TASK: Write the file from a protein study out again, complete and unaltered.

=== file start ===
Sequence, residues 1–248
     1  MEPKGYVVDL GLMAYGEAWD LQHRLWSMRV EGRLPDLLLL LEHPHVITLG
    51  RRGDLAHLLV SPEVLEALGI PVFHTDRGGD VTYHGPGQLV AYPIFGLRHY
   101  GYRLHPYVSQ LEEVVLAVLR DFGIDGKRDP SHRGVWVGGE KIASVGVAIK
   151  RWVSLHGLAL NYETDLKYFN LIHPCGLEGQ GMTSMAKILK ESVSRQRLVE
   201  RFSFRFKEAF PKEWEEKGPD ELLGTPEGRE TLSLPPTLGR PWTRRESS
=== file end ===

Sequence, residues 1–248
     1  MEPKGYVVDL GLMAYGEAWD LQHRLWSMRV EGRLPDLLLL LEHPHVITLG
    51  RRGDLAHLLV SPEVLEALGI PVFHTDRGGD VTYHGPGQLV AYPIFGLRHY
   101  GYRLHPYVSQ LEEVVLAVLR DFGIDGKRDP SHRGVWVGGE KIASVGVAIK
   151  RWVSLHGLAL NYETDLKYFN LIHPCGLEGQ GMTSMAKILK ESVSRQRLVE
   201  RFSFRFKEAF PKEWEEKGPD ELLGTPEGRE TLSLPPTLGR PWTRRESS